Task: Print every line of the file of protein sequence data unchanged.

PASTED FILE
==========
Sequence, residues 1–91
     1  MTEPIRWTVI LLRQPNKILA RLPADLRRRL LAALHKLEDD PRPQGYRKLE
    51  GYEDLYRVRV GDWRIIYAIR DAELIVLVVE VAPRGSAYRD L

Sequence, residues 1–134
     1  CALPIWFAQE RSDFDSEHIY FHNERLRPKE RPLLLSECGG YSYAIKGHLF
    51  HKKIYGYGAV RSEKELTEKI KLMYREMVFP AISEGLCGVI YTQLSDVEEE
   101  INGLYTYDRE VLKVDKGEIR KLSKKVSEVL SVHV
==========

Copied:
Sequence, residues 1–91
     1  MTEPIRWTVI LLRQPNKILA RLPADLRRRL LAALHKLEDD PRPQGYRKLE
    51  GYEDLYRVRV GDWRIIYAIR DAELIVLVVE VAPRGSAYRD L

Sequence, residues 1–134
     1  CALPIWFAQE RSDFDSEHIY FHNERLRPKE RPLLLSECGG YSYAIKGHLF
    51  HKKIYGYGAV RSEKELTEKI KLMYREMVFP AISEGLCGVI YTQLSDVEEE
   101  INGLYTYDRE VLKVDKGEIR KLSKKVSEVL SVHV